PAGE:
Recent evidence published from controlled environment (CE) studies demonstrates that host resistance responses to challenge by avirulent fungal plant pathogens can cause dysfunction of stomata adjacent to attempted infection sites. Subsequent field experiments, using near-isogenic lines (NILs) differing for presence/absence of resistance genes, have shown that the effects seen in the CE studies also occur in the field and suggest that stomatal dysfunction occurs with a wider range of cereal pathosystems and resistance genes than previously studied. The work proposed here will test the hypothesis that the yield 'cost' associated with certain resistance genes is caused by stomatal dysfunction. Plant breeders are supporting the project, as they require techniques to allow them to characterise novel resistance genes/QTL for the likelihood of an associated yield penalty, to inform decisions about introgression into their breeding material. If the hypothesis is supported, then stomatal conductance measurements could act as an indicator for physiological cost. Alternatively, such costs may be found to be associated with certain types of resistance response which can be characterised by microscopy (termed, microphenotyping). The specific objectives of the proposed LINK project are to: 1. Screen key disease resistance genes for yield costs. 2. Characterise disease resistance genes which contrast for presence or absence of yield cost for effects on stomatal function. 3. Relate stomatal dysfunction at a leaf level to impacts on radiation use efficiency at a canopy level and grain yield. 4. Test stomatal conductance as an indicator of yield potential in the light-limited environment of the UK. 5. Test improved porometry methods to increase screening throughput. The objectives will be addressed by a combination of CE experiments, field trials and microphenotyping, on NILs and lines from mapping populations of wheat, which contrast for key resistance genes.

Planned Impact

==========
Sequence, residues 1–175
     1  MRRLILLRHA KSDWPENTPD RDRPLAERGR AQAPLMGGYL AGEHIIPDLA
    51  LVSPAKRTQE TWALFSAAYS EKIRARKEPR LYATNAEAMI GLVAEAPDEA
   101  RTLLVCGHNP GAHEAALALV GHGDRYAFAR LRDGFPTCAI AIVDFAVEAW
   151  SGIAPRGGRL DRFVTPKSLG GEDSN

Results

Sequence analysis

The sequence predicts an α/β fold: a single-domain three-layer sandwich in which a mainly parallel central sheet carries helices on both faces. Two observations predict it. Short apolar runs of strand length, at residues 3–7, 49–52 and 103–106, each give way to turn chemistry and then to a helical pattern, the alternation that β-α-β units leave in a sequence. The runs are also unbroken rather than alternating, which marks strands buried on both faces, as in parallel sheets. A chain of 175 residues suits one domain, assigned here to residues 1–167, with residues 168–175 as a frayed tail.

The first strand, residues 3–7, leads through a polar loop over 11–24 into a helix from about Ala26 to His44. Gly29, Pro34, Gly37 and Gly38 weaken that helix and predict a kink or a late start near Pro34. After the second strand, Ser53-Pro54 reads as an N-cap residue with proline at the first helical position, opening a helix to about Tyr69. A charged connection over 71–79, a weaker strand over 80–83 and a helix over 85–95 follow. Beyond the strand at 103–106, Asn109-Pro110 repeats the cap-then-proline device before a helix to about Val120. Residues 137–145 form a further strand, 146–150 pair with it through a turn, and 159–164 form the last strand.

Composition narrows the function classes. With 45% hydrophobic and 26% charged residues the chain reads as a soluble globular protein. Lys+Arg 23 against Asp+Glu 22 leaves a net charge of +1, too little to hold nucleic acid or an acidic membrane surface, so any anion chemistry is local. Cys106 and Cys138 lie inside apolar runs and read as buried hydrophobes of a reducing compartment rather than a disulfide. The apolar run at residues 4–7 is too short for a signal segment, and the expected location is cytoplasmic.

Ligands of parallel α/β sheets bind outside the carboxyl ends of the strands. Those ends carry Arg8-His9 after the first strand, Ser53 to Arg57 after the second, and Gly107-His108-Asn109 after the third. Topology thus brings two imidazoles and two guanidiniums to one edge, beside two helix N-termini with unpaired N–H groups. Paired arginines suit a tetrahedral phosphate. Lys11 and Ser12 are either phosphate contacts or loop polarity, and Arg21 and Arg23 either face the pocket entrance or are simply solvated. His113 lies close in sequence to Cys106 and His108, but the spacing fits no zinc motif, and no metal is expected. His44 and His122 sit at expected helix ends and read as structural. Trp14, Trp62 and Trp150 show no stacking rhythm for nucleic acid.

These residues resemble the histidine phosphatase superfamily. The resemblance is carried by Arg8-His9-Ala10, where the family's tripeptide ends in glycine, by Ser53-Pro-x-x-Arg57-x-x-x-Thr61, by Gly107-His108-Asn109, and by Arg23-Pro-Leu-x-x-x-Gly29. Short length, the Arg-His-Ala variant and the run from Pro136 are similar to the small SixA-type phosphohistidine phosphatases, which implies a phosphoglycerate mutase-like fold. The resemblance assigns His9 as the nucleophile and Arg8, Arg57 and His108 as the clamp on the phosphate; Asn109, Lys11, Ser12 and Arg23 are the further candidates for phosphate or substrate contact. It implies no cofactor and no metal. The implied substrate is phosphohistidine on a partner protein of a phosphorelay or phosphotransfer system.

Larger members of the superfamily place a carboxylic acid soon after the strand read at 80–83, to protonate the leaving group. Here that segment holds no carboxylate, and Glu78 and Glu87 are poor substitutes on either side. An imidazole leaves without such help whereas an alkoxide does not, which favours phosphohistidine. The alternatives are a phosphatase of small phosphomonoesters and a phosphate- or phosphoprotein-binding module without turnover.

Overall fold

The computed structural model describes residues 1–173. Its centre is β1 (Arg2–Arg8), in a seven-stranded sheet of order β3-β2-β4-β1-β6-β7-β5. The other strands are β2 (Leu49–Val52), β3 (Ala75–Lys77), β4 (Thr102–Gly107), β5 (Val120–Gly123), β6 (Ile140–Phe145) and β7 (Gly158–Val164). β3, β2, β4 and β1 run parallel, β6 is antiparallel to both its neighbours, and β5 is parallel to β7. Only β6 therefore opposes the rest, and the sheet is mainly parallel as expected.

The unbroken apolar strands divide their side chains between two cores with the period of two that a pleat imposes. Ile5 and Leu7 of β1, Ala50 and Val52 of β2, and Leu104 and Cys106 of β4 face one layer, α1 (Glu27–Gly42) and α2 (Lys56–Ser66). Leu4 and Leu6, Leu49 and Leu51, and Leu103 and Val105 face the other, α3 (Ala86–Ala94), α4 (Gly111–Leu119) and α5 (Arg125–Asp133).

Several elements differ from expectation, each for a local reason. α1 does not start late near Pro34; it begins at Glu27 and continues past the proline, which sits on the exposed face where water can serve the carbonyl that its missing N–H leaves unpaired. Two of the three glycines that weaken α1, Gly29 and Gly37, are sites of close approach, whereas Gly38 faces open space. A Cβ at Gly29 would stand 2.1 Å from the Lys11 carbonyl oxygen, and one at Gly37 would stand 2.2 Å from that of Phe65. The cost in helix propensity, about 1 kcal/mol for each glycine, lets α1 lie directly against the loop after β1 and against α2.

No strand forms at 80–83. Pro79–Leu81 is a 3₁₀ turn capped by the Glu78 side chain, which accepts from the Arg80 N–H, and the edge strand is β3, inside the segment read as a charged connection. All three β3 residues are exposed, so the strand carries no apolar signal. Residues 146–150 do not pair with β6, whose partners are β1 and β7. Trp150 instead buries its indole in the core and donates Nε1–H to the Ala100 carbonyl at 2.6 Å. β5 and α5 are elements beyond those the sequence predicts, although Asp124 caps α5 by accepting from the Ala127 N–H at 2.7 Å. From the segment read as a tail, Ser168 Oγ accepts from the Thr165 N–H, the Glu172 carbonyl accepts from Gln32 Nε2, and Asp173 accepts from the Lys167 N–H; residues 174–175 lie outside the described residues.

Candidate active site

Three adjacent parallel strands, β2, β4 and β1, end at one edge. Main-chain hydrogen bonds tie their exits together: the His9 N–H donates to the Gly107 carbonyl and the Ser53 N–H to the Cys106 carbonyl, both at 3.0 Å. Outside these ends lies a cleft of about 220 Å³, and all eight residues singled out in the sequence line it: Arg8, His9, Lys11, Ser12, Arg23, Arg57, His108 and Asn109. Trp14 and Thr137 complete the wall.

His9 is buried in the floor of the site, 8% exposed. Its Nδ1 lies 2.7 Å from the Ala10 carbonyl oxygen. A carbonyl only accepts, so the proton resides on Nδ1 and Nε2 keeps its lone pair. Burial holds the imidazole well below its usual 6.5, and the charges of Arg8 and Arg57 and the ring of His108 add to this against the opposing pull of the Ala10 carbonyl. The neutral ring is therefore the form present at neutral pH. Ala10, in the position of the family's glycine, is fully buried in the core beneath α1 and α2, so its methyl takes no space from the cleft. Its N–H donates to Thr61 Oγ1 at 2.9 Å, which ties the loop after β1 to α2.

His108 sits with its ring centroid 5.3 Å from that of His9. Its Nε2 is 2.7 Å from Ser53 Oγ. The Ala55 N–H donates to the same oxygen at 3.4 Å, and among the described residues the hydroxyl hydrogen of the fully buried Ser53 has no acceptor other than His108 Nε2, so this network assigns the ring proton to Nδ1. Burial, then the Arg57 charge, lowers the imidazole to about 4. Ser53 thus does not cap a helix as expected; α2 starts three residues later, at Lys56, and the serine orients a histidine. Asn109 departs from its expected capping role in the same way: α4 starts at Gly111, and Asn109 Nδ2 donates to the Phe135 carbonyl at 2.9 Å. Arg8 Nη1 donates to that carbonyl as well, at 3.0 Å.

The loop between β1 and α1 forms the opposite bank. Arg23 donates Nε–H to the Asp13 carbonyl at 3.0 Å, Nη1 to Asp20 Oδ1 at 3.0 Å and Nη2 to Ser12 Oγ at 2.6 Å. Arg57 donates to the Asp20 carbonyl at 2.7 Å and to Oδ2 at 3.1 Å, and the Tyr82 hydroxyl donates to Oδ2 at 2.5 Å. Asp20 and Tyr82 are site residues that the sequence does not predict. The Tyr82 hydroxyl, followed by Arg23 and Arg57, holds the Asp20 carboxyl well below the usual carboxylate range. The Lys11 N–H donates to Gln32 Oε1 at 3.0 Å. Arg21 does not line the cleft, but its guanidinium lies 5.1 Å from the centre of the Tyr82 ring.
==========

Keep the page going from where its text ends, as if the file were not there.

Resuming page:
Improving crop yield for a given level of crop inputs (principally: land, fertiliser, water and fossil fuel) benefits productivity and reduces environmental impact per tonne of grain. If 'defeated' major genes are found to carry a yield penalty, then selecting against them in plant breeding programmes will increase the rate of yield improvement, without affecting disease control. If currently important resistance genes/QTL are found to carry a yield cost then decisions will need to be made about the trade-off between yield and disease resistance (and hence the degree of dependence on fungicides), until they can be replaced by alternative sources of resistance with lower yield costs. The work will ultimately lead to wheat varieties which combine high yield and good disease resistance. Disease resistance is likely to be more important in future if the availability of effective fungicides is constrained by: (i) revised legislation regulating the approval and use of crop protection products, and (ii) evolution of insensitivity in pathogen populations to the remaining available modes of action. Improving the disease resistance of varieties offers the best prospect for reducing dependence on fungicides and minimising the selective pressure placed on pathogen populations for fungicide insensitivity. Therefore resistant varieties benefit growers by maintaining disease control options, as well as reducing the level of inputs required. High yielding varieties will be crucial to ensure grain production meets projected rising demand and to minimise pressure for land use change and maintain food security. Conversion of grassland and semi-natural vegetation into arable production has adverse consequences for biodiversity and for greenhouse gas emissions from carbon sequestered in soil. Thus, high yielding varieties result in benefits for the wider society.